Physicists design an atomic laser that can last “forever” | Science and Ecology | Dr..

Conventional lasers produce a coherent light wave, which means that all the light vibrates synchronously. For its part, according to quantum mechanics, particles such as atoms must also be considered waves, and thus, technically speaking, an “atom laser” that contains coherent waves of matter can be built. However, the problem is to make these matter waves so durable that they can be used in practical applications.

Now a team of physicists from Amsterdam has shown that this is possible with some fiddling with the concept behind the atomic laser, the so-called intense Bose Einstein, or BEC for short. According to a press release. the study Posted in temperamental nature.

Bose-Einstein condensation

Elementary particles in nature come in two types: fermions and bosons. Fermions are particles like electrons and quarks, the basic building blocks of matter that we are made of. Bosons are of a completely different nature: they are not hard like fermions, but soft: for example, they can pass without a problem.

The best known example of a boson is the photon, the smallest possible amount of light. But the particles of matter can also combine to form bosons; In fact, whole atoms can behave like particles of light. What makes bosons so special is that they can all be in exactly the same state at the same time, or in a more technical sense, they can “condense” into a coherent wave. When this type of condensation of matter particles occurs, physicists call the resulting matter Bose-Einstein condensation.

difficult synchronization

In everyday life, we are not familiar with such capacitors at all. The reason: It is very difficult to make all atoms behave as one. The reason for the destruction of synchrony is temperature: when a substance is heated, its constituent particles begin to move and it becomes virtually impossible to make them behave as one. Only at extremely low temperatures, about a millionth of a degree above absolute zero (about minus 273 degrees on the Celsius scale), is there a chance for coherent matter waves to form from BEC.

A quarter of a century ago, the first Bose-Einstein condensers were created in physics laboratories. This opened up the possibility of building atomic lasers, devices that literally shoot beams of matter, but these devices can only work for a very short time.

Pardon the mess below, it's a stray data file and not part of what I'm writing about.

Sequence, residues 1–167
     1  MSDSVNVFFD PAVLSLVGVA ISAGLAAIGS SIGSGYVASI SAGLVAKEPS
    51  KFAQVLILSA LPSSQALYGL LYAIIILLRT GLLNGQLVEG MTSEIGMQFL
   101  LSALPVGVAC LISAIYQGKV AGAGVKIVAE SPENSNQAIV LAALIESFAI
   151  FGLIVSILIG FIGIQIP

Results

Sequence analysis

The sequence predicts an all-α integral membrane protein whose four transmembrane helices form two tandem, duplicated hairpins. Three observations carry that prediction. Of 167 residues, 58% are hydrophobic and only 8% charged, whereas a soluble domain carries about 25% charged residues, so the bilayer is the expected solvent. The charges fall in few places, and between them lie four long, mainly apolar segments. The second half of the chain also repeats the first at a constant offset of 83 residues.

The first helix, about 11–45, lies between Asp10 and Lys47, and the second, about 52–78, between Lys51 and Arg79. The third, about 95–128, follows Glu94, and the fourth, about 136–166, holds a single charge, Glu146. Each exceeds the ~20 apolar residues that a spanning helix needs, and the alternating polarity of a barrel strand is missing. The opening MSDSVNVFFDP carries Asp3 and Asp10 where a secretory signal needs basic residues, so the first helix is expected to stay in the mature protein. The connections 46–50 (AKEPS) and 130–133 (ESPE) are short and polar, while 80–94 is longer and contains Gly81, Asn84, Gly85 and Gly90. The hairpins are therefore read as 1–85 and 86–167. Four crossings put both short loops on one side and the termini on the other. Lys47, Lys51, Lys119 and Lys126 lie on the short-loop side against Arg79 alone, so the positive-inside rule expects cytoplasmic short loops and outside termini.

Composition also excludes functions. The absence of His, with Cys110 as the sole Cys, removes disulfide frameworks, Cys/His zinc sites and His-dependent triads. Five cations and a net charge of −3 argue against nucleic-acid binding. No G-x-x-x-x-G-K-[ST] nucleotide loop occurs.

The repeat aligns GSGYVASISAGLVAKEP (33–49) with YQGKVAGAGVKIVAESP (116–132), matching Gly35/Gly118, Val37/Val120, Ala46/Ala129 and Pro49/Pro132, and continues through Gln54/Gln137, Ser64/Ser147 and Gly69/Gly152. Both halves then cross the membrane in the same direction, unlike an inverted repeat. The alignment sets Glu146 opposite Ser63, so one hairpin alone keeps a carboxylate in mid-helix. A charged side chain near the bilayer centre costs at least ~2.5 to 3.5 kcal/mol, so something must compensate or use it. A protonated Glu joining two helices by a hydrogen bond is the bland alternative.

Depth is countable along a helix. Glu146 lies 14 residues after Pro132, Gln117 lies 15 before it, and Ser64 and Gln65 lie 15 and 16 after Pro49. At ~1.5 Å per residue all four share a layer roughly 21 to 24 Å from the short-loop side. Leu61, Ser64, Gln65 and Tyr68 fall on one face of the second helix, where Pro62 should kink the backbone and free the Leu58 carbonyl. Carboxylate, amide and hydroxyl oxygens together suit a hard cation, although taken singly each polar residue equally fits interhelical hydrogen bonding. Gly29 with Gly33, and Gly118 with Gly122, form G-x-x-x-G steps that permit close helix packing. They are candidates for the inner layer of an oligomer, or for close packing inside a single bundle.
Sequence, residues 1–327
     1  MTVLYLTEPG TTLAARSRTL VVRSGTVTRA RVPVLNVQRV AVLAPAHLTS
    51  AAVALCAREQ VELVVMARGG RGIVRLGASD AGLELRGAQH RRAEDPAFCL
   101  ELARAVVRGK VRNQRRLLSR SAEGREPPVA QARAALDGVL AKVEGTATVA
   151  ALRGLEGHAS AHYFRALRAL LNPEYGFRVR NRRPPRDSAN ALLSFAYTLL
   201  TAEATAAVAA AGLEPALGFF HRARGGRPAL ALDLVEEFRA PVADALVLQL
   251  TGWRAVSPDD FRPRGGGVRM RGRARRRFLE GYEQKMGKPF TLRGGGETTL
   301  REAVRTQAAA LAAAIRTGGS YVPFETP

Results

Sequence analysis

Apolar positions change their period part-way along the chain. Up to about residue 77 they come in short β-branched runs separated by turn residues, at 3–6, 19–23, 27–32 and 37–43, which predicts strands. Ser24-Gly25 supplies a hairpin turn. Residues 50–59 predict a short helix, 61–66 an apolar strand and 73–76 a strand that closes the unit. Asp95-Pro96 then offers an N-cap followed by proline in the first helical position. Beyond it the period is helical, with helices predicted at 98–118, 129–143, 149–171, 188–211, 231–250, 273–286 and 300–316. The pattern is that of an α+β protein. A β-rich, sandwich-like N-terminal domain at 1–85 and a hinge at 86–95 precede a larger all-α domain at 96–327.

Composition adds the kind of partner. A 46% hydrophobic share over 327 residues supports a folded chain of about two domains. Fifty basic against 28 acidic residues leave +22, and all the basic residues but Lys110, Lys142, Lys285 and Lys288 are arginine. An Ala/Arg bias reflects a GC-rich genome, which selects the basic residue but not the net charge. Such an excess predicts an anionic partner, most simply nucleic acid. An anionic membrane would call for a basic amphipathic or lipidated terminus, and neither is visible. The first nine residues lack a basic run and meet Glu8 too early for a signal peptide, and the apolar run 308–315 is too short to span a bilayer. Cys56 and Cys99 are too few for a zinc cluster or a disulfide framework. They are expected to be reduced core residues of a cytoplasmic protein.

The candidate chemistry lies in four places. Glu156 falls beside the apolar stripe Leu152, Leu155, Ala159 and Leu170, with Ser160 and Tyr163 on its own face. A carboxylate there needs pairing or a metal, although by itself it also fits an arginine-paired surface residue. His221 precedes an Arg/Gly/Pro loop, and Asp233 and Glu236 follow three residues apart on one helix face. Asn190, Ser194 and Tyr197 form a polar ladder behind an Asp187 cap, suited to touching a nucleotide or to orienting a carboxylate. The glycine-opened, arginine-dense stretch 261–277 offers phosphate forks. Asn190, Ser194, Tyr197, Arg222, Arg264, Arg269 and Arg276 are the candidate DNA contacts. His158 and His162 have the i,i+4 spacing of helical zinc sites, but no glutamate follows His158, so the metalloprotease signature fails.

The laser can produce pulses of matter waves, but after that pulse is sent, a new BEC must be generated before the next pulse is sent. As a first step towards atomic lasers, it wasn’t bad at all. In fact, ordinary optical lasers were also manufactured in a pulsed variant before physicists could produce a continuous laser.

A long way to atomic laser

But while developments for optical lasers have proceeded very quickly, with the first continuous lasers produced within six months of their pulsed counterpart, for atomic lasers, a continuous version has remained elusive for more than 25 years.

It was clear what the problem was: BECs are very fragile and are quickly destroyed when light falls on them. However, the presence of light is crucial to the formation of capacitors: to cool a substance to a millionth of a degree, its atoms must be cooled by laser light. As a result, BECs have become limited to transient bursts, with no way to maintain them consistently.

A team of physicists from the University of Amsterdam has now managed to solve the difficult problem of creating a continuous Bose-Einstein capacitor.

What the trick is, Florian Schick, the team leader, explains in a statement. “In previous experiments, the gradual cooling of the atoms was done in one place. In our setup, we decided to distribute the cooling steps not over time, but over space: we make the atoms move as they move through successive cooling steps. Ultimately, the extremely cold atoms reach the heart of the experiment, where They can be used to create coherent material waves in the BEC, but while using these atoms, the new atoms are already on their way to regenerating the BEC and we can keep the process going forever.”

FEW (Europe Press, University of Amsterdam, temper nature)

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